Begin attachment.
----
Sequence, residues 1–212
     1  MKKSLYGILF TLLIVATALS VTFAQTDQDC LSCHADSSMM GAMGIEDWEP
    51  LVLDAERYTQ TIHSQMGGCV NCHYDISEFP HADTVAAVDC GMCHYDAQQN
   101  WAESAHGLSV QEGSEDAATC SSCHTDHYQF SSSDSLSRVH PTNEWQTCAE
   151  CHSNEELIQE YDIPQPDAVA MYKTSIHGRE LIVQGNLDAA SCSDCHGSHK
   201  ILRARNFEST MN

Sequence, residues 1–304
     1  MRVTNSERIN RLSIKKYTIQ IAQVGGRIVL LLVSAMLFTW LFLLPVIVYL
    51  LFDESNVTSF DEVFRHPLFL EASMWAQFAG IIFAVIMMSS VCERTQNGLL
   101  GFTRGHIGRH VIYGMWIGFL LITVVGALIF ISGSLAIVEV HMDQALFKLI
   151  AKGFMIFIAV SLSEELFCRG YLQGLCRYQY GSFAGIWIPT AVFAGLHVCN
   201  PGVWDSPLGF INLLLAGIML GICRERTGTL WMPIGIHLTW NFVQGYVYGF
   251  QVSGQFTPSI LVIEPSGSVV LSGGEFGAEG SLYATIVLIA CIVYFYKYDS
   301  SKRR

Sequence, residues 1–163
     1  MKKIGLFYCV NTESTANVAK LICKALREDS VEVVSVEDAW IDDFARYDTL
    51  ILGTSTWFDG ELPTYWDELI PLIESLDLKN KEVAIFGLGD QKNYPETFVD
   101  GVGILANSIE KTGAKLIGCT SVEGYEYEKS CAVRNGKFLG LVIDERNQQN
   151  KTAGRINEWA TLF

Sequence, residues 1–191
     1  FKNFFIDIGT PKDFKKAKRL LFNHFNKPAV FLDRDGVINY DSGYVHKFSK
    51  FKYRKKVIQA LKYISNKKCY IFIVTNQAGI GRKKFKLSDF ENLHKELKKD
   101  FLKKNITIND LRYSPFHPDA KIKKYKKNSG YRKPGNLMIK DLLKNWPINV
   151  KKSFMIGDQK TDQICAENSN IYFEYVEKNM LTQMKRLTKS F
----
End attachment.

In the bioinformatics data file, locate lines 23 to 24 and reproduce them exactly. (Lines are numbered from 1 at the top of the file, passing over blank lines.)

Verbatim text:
   101  FLKKNITIND LRYSPFHPDA KIKKYKKNSG YRKPGNLMIK DLLKNWPINV
   151  KKSFMIGDQK TDQICAENSN IYFEYVEKNM LTQMKRLTKS F